However, it is not necessary to be so drastic. Many executives, for example, take a few months off after finishing an assignment, and before starting the next one. Each break can have different lengths and meanings, depending on the person.
Technology can help us with breaks
Technology must not be just a prison from which to try to escape. If integrated into a balanced and relaxed lifestyle, on the contrary, it can also help us with breaks.
How many of us live according to our calendar? Having breaks (from small breaks between one meeting and another to weeks of reflection) clearly indicated on our calendar will help us not only to respect them, but also to make others respect them. Indicating a date on the calendar with the word “PAUSE” is a very clear sign for the people we work with. In those moments, in those days, we are not there.
For each of us, time can be organized in “layers”: days, weeks, months, years. Each of these layers has its own development time, and its own pace. We can try to think about how to live the breaks for each of these layers, thinking about the daily breaks differently from the longer ones.
Another tool that we can use is called a “scanner”. In this case, we try to visualize our day not according to predefined and standard times, but to the way we perceive it. We can use an I to indicate the moments of work, and an O to indicate the moments of pause.
So a typical day could be like this:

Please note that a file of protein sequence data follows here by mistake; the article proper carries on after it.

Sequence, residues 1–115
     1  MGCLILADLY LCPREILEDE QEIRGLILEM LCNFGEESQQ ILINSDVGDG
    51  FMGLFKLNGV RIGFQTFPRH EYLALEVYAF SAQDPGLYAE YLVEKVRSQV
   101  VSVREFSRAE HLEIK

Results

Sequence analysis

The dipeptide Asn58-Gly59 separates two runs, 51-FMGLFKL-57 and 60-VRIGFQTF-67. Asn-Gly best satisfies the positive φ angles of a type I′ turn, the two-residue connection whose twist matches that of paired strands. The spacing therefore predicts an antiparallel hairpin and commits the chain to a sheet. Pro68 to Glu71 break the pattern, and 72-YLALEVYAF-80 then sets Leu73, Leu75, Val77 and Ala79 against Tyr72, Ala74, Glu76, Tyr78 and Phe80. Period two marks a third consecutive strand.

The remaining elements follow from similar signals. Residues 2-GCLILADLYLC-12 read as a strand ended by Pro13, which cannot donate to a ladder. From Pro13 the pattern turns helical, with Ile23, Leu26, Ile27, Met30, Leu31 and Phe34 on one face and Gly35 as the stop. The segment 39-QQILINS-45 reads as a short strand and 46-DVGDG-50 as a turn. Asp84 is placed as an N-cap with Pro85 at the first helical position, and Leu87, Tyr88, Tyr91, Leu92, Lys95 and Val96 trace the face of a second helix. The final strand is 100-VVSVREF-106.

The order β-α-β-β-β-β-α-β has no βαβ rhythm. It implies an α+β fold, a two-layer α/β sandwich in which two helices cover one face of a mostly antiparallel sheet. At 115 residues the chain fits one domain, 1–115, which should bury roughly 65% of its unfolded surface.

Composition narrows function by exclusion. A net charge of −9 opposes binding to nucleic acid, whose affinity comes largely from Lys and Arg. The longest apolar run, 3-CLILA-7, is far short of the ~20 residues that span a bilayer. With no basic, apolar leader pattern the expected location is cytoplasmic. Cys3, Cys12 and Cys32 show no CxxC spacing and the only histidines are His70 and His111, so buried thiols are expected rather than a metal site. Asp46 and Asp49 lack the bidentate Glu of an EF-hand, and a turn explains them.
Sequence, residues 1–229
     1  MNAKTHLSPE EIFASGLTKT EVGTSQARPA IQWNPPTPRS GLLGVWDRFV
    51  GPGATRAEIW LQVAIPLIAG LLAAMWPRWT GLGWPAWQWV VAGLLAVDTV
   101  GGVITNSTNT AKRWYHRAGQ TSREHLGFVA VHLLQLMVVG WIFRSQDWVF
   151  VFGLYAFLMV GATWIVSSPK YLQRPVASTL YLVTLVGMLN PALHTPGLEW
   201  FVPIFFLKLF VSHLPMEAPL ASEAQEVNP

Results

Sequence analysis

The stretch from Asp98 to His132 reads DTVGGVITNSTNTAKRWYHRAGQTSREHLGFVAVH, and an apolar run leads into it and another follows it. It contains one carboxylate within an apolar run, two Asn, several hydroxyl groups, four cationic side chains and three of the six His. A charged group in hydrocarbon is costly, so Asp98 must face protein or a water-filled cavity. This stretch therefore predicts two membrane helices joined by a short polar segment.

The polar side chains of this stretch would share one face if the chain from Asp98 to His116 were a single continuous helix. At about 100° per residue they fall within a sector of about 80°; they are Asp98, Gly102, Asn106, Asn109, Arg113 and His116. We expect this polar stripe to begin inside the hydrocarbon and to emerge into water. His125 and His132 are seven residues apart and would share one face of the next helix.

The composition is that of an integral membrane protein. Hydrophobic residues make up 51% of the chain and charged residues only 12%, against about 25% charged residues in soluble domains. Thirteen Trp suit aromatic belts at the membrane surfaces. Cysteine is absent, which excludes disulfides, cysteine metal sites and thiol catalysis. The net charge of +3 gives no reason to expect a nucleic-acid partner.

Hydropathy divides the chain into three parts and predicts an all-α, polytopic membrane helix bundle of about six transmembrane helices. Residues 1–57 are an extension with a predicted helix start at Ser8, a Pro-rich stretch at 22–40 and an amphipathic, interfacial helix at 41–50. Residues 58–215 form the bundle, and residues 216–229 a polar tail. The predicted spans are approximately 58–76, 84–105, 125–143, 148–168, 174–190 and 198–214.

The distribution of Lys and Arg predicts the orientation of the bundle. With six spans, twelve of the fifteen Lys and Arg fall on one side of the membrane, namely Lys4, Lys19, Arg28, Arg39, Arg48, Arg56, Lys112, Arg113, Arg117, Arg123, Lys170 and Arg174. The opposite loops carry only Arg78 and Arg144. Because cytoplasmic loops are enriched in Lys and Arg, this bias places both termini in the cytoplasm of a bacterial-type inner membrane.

where we start from breakfast (O), then check the e-mail (I), make some phone calls (I), attend a meeting (I), after which we take a break for coffee (O). Subsequently, we engage in other activities, followed by a longer break, and maybe a walk. After the afternoon work, then, the activities (I) end, and space is left for break and recreation.
This method, in addition to the single day, can also be applied to longer moments, such as different periods of the year, always following the same principle, that is to try to balance the I and the O.
The relativity of time
What can we learn from what was said about the breaks?
For many of us, life is marked by the clock and calendar, two instruments that use fixed units of measurement to mark our time. But, as we have seen, time, although it cannot be stopped, travels in a very different way depending on where we are and what we are doing.
Learning to take control of our time, in an era where everything is controlled and marked by technology, is the key to living a more peaceful and relaxed life, and to avoid succumbing to the stresses of modern life.